In order to make up an "organised grouping" for the purposes of TUPE the group of employees – which may be made up of a single employee only - has to be deliberately organised and not merely "organised by happenstance", Lady Smith said in her decision. The ruling overturned that of the original employment tribunal, which had found that the contract of employment of a worker with a logistics company, who spent all his time on work for oilfield services company Seawell, transferred to that company when it took the work in house.
TUPE protects the rights of employees whose companies are taken over by new owners. It was expanded in 2006 to govern situations where work is outsourced, brought back in-house or the service provider is changed.
Employment law expert Jill Turner of Pinsent Masons, the law firm behind Out-Law.com, said that the decision further clarified the often complex issue of how to identify when there was an organised grouping of employees for the purposes of the regulations.
"Lady Smith is clear that the organised grouping must be a 'deliberate' grouping of those individuals - or one individual – for the purpose of carrying out those activities," said Turner, who represented Seawell at the original Employment Tribunal in the case. "There will now be greater certainty for business with regard to when this will apply as this 'deliberate' organisation is quite a high bar for employers to achieve. This will mean that we will have greater certainty in when individuals TUPE to a new employer following a contract for the provision of service."
The worker, Craig Moffat, was co-ordinator of the logistics and freight forwarding arrangements provided by his employer, Ceva Freight, for Seawell. Moffat spent 100% of his time on the Seawell contract, while other employees spent smaller percentages of their time on the contract and the rest of their time on other clients of Ceva's. On this basis, an employment tribunal said that Moffat's employment transferred to Seawell when they took the work back in house either because he was himself an "organised grouping" for the purposes of TUPE or was automatically assigned to such a grouping by virtue of his spending 100% of his time on the Seawell contract.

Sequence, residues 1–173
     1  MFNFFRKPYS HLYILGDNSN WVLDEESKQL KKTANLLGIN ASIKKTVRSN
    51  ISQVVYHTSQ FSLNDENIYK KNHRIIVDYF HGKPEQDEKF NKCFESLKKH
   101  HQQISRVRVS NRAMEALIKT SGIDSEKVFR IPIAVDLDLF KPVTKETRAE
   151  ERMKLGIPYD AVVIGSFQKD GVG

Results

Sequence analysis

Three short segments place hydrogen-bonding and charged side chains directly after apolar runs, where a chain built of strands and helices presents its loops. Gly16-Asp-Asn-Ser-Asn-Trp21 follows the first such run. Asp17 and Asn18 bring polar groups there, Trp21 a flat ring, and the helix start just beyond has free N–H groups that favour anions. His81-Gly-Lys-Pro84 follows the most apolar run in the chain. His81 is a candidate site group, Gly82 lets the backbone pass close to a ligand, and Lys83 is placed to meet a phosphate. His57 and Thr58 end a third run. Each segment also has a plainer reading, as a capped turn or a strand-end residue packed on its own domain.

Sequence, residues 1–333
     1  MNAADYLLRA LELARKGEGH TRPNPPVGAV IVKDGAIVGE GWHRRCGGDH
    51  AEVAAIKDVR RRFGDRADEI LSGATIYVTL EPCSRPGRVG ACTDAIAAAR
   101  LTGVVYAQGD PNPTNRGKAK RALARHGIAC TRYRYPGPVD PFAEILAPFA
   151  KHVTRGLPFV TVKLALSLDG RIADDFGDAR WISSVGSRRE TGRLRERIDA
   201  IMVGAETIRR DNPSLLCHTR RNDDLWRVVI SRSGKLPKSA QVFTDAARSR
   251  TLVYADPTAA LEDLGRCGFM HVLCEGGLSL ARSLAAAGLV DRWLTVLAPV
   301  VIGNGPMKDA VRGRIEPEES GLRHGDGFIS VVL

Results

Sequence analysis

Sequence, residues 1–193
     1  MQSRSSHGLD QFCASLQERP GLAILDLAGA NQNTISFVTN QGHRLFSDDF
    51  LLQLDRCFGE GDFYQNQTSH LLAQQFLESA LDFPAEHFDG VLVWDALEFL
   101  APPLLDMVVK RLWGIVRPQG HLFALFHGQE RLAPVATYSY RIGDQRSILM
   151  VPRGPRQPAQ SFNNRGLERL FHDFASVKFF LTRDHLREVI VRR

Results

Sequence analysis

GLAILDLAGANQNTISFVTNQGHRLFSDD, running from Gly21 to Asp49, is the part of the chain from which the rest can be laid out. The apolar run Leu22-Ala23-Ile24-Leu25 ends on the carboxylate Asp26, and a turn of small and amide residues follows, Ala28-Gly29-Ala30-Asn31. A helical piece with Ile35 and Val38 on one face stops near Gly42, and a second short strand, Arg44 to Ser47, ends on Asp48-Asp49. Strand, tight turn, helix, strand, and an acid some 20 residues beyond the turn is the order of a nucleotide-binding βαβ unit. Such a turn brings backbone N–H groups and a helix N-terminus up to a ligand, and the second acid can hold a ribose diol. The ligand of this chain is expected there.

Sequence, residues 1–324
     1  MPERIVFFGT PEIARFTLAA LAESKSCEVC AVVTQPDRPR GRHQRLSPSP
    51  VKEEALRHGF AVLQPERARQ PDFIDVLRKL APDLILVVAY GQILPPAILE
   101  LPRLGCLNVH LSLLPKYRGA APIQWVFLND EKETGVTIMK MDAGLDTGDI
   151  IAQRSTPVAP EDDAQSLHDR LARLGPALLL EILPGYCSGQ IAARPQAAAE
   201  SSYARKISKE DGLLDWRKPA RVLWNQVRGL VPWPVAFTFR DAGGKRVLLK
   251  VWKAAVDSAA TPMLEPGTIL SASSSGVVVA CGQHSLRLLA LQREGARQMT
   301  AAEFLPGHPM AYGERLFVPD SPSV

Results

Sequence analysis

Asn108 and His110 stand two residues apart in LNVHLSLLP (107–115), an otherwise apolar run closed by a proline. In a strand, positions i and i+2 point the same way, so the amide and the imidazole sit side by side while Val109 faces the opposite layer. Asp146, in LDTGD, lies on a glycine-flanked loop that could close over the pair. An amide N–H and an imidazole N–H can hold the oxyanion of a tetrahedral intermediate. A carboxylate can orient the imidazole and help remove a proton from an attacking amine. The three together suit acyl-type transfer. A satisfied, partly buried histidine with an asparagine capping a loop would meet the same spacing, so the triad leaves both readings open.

However, Lady Smith said that the tribunal had applied the "wrong test" when considering whether Moffat formed part of an "organised grouping". Although TUPE specifically provides for the situation where a single employee counts as a grouping, the fact that one employee spent all his time working for a single client did not necessarily denote such a grouping, particularly as Seawell took back the whole of the work that Ceva had carried out on its behalf - not just the work carried out by Moffat.
"The 'activities concerned' [for the purposes of TUPE] are whatever activities are, after the change, carried out by the client on his own behalf instead of by the contractor," she said. "Accordingly, the 'activities concerned' in this case comprised the entirety of the work carried out by Mr Moffat [and other Ceva employees]. Mr Moffat was not carrying out 'the activities concerned' albeit that he was carrying out part of them... the Tribunal in effect concluded that because Mr Moffat spent 100% of his time on Seawell work, he carried out 100% of that work and that that is illogical."
Ceva did create deliberate groupings of its employees, splitting them into those performing "outbound" and "inbound" tasks. Moffat's role fell within the "outbound" group, but the "principle purpose" of that group was not to provide services solely to Seawell, Lady Smith said. As Moffat lost his job when Seawell took the work back in house, the case was sent back to the original employment tribunal to determine appropriate compensation for his unfair dismissal by Ceva.